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Former BBC Chief Mark Thompson Apologizes For 'Failed' Project

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MARK THOMPSON
LONDON, ENGLAND - FEBRUARY 03: Mark Thompson, former director general of the BBC arrives at Portcullis House for a select committee hearing on February 3, 2014 in London, England. Mr Thompson is to face questions by MP's over a failed £99m GBP Digital Media Initiative during his tenure at the BBC. (Photo by Dan Kitwood/Getty Images) | Dan Kitwood via Getty Images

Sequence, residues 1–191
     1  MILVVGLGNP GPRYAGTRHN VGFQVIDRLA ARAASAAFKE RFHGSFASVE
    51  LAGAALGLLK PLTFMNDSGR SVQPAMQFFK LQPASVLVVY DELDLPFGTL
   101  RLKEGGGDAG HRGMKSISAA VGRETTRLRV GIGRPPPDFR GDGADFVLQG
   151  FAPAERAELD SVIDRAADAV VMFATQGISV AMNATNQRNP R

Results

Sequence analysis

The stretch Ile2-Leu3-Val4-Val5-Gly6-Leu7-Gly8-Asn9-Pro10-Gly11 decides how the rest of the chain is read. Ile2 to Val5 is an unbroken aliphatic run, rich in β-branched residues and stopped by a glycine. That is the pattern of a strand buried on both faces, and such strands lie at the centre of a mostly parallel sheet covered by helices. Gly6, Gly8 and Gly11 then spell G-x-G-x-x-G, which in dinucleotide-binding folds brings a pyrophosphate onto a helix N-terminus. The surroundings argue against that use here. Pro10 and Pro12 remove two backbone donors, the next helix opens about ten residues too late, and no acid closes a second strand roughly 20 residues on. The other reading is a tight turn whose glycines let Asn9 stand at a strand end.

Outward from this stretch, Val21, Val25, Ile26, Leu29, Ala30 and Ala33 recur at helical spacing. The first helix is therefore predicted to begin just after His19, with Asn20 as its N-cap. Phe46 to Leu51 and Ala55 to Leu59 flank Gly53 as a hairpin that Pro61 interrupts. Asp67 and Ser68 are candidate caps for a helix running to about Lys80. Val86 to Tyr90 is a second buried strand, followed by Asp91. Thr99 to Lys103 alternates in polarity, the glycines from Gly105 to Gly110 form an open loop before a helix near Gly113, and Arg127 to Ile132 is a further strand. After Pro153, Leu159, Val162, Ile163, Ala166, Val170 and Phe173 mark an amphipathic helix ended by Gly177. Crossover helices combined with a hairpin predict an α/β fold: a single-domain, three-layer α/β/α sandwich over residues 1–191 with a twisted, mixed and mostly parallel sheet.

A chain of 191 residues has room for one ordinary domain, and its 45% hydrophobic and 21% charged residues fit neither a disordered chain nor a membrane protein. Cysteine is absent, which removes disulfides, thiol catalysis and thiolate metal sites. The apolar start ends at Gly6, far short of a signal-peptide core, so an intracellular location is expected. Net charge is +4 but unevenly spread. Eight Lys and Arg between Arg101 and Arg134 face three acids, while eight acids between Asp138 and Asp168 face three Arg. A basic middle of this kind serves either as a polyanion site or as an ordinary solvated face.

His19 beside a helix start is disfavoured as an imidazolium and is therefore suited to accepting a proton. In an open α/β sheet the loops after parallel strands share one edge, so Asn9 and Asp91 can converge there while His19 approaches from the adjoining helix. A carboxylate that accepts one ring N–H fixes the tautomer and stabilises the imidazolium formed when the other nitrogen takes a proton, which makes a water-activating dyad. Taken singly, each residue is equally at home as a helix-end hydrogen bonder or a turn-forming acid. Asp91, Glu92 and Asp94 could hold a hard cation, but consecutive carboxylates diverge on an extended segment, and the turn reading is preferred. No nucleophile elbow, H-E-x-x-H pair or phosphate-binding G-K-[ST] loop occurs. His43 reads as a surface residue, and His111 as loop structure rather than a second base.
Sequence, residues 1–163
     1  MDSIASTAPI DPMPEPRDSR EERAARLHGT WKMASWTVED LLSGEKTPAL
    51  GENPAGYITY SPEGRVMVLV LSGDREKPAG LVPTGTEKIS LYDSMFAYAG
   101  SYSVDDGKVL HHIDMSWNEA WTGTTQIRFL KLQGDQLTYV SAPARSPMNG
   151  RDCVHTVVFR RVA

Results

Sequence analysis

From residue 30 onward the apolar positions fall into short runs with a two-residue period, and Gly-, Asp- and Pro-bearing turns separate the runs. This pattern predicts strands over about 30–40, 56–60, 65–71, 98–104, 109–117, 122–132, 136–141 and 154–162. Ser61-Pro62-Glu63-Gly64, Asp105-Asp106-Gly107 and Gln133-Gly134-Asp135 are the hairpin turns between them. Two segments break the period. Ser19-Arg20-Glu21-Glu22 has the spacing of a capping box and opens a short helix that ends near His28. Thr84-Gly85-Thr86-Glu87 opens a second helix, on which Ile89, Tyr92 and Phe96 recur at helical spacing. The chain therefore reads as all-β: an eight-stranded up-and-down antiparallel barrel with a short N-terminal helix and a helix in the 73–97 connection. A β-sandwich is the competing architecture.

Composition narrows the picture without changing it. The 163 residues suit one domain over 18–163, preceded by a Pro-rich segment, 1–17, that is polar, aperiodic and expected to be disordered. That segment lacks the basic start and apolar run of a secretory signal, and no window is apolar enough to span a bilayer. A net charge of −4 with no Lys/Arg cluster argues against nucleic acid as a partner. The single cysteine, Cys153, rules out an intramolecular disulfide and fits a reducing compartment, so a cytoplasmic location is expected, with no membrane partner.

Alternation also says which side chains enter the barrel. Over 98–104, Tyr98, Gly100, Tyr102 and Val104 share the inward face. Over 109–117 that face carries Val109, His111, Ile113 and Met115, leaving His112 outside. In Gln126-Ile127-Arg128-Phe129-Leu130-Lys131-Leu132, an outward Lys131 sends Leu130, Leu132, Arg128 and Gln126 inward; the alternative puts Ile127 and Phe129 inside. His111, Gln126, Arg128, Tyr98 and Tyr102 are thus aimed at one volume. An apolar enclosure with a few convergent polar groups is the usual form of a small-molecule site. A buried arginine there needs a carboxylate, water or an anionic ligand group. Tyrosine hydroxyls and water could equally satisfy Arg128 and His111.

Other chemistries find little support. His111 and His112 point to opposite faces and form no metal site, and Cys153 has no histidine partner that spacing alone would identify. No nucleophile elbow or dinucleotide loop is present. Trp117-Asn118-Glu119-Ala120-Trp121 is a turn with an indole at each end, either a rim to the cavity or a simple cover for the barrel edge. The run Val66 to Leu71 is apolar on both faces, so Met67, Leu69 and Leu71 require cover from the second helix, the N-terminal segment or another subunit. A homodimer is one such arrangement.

LONDON (AP) — The former boss of the BBC has apologized for the failure of its digital media plan, which wasted almost 100 million pounds ($163 million) of taxpayer funds.

Mark Thompson, who left the BBC in 2012 to become the chief executive of The New York Times, was one of several current and former BBC employees testifying about the failed plan before a British parliamentary committee.

He said Monday the plan "failed as a project," despite earlier giving evidence that it was working well.

A government audit found that the BBC's Digital Media Initiative — which aimed to create an integrated digital production and archiving system — ran aground because of confusion and poor planning.

It was quickly scrapped by current BBC chief Tony Hall after he began in April 2013.

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